Tuesday, August 11, 2009

PASO Coaching Clinic


Guadalajara, Mexico hosted world leaders in more ways than one this past week. Sure, the Mexican, Canadian and USA heads of state were there the last few days. However, several of racquetball's top coaches were there last week for a Pan American Sport Organization (PASO) coaching clinic.

Organized by Gary Mazaroff of the International Racquetball Federation (IRF) and hosted by the Mexican Olympic Committee the five day event was attended by coaches from Argentina to Uruguay. In all, 14 countries were represented, although not the United States despite PASO funding for one coach from any eligible country in the Americas who applied. Thus, there was a Cuban coach in Guadalajara but not an American one.

The instructors for the course were Ron Brown of Canada, Dave Ellis and Jo Shattuck of the USA, Jorge Rodriguez and Fernando Rodriguez of Costa Rica, and Mexicans Javier Moreno Arroyo and Fabian Parrilla in addition to Mazaroff. Topics covered included service strategies, seasonal planning, rules of the game, including information about the World Anti-Doping Agency (WADA) regulations from a Mexican expert, as well as demonstration games with participants assigned to roles as head coach, assistant coach, referee, and line judges.

The impetus for this event is the 2011 Pan American Games, which will be held in Guadalajara. The clinic's on court activity was held at the venue that will be used for the Games, a five court facility featuring two courts with side wall glass.

There had been two previous clinics like this: in Albuquerque in 2002 and in Colorado Springs in 2006.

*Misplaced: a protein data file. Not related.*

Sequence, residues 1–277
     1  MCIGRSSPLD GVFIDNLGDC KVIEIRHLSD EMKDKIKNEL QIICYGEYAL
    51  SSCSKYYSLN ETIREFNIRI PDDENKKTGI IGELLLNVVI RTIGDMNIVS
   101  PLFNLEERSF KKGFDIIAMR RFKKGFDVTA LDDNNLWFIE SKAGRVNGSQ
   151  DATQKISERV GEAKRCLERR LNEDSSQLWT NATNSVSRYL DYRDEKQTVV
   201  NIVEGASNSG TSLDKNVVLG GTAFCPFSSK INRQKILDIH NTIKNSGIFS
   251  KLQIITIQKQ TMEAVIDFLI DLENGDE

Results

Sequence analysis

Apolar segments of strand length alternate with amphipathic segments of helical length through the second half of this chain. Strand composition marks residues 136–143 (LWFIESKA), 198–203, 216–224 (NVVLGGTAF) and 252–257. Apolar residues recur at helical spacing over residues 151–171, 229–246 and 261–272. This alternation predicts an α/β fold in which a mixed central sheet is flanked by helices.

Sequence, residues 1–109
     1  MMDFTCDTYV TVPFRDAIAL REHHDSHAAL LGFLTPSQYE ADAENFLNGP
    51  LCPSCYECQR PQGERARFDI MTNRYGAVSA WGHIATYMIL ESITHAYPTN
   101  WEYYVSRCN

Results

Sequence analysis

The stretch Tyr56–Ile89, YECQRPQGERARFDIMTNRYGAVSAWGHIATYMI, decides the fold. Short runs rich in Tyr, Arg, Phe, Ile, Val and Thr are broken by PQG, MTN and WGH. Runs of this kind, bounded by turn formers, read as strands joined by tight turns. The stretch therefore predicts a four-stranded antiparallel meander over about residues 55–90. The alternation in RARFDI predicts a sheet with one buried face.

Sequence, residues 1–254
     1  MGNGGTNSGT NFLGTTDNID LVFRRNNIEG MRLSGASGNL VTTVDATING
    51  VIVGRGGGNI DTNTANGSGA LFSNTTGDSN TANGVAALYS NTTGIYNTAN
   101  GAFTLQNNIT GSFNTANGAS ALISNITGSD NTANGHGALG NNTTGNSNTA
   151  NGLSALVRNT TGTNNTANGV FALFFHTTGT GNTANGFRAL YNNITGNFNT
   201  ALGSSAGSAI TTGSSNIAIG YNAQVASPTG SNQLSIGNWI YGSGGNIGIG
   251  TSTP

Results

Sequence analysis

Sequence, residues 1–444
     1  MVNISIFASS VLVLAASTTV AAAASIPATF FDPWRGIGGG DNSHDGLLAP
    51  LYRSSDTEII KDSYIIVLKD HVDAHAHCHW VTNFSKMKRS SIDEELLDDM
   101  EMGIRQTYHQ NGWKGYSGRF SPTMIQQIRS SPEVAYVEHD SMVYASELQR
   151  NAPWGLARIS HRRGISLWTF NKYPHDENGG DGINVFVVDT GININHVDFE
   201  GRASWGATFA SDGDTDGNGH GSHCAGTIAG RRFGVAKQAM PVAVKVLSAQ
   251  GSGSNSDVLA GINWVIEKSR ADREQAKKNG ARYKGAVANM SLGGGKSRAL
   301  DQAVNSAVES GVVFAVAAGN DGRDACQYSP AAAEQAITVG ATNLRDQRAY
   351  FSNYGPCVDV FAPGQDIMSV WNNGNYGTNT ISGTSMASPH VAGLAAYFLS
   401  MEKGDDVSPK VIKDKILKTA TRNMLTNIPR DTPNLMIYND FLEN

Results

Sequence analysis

Key for development

To develop racquetball excellence, you need to have courts and then you need coaches. Coaches come before players, because committed coaches will seek out players to develop through lessons and instruction. Also, if you have a racquetball facility, you want to have people playing the sport, which means introducing people to racquetball and encouraging them to play. The people who best do that are coaches.

Europe would do well to have a clinic such as this to help develop the sport there. However, such an event would be costly. The funding for the Guadalajara event came from PASO, because of the Pan Am Games. However, there is no event in Europe like the Pan Am Games, a multi-sport event held every four years.

The Asian Games are similar to the Pan American Games. Given that racquetball is already played in Japan, seems to be on the rise in Korea, and there's a legacy court in Taiwan from this year's World Games, racquetball may be more likely to expand in Asia than in Europe. In fact, racquetball representatives from India and Mongolia were at the World Games last month in Taiwan.

Follow the bouncing ball....

1 comment:

Sathwik said...

I agree that racquetball has great scope for growth in Asian countries such as India and China. THe IRF has to make every effort to promote and spread racquetball in these countries. Involving these big countries is going to help racquetball become an Olympic sport someday.